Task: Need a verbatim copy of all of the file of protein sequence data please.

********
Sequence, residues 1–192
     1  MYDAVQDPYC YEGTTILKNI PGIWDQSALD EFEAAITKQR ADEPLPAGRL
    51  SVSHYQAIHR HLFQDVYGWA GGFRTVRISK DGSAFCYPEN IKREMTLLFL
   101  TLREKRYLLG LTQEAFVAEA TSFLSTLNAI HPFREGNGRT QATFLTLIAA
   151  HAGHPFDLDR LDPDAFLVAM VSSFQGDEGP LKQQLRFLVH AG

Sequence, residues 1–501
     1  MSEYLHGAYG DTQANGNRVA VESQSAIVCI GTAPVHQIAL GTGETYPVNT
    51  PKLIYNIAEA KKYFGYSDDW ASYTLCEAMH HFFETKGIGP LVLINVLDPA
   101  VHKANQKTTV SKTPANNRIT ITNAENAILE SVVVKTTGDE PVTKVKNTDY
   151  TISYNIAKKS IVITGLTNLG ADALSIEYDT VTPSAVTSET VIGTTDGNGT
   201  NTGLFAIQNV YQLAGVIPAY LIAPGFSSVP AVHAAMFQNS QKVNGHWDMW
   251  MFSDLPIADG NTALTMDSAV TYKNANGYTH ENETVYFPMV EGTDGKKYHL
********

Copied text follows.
Sequence, residues 1–192
     1  MYDAVQDPYC YEGTTILKNI PGIWDQSALD EFEAAITKQR ADEPLPAGRL
    51  SVSHYQAIHR HLFQDVYGWA GGFRTVRISK DGSAFCYPEN IKREMTLLFL
   101  TLREKRYLLG LTQEAFVAEA TSFLSTLNAI HPFREGNGRT QATFLTLIAA
   151  HAGHPFDLDR LDPDAFLVAM VSSFQGDEGP LKQQLRFLVH AG

Sequence, residues 1–501
     1  MSEYLHGAYG DTQANGNRVA VESQSAIVCI GTAPVHQIAL GTGETYPVNT
    51  PKLIYNIAEA KKYFGYSDDW ASYTLCEAMH HFFETKGIGP LVLINVLDPA
   101  VHKANQKTTV SKTPANNRIT ITNAENAILE SVVVKTTGDE PVTKVKNTDY
   151  TISYNIAKKS IVITGLTNLG ADALSIEYDT VTPSAVTSET VIGTTDGNGT
   201  NTGLFAIQNV YQLAGVIPAY LIAPGFSSVP AVHAAMFQNS QKVNGHWDMW
   251  MFSDLPIADG NTALTMDSAV TYKNANGYTH ENETVYFPMV EGTDGKKYHL